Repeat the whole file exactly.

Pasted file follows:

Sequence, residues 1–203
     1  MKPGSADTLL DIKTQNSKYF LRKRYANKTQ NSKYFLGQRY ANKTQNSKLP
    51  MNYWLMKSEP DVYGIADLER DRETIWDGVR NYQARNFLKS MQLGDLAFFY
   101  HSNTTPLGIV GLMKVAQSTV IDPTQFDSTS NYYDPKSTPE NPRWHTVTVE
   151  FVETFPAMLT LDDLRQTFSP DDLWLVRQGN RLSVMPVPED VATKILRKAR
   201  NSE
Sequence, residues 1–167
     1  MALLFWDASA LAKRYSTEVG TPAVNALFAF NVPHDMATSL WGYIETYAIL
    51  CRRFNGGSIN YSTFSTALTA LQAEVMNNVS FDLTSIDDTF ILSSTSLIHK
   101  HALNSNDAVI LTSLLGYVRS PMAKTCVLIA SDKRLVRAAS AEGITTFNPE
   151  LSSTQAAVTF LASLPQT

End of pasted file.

Sequence, residues 1–203
     1  MKPGSADTLL DIKTQNSKYF LRKRYANKTQ NSKYFLGQRY ANKTQNSKLP
    51  MNYWLMKSEP DVYGIADLER DRETIWDGVR NYQARNFLKS MQLGDLAFFY
   101  HSNTTPLGIV GLMKVAQSTV IDPTQFDSTS NYYDPKSTPE NPRWHTVTVE
   151  FVETFPAMLT LDDLRQTFSP DDLWLVRQGN RLSVMPVPED VATKILRKAR
   201  NSE
Sequence, residues 1–167
     1  MALLFWDASA LAKRYSTEVG TPAVNALFAF NVPHDMATSL WGYIETYAIL
    51  CRRFNGGSIN YSTFSTALTA LQAEVMNNVS FDLTSIDDTF ILSSTSLIHK
   101  HALNSNDAVI LTSLLGYVRS PMAKTCVLIA SDKRLVRAAS AEGITTFNPE
   151  LSSTQAAVTF LASLPQT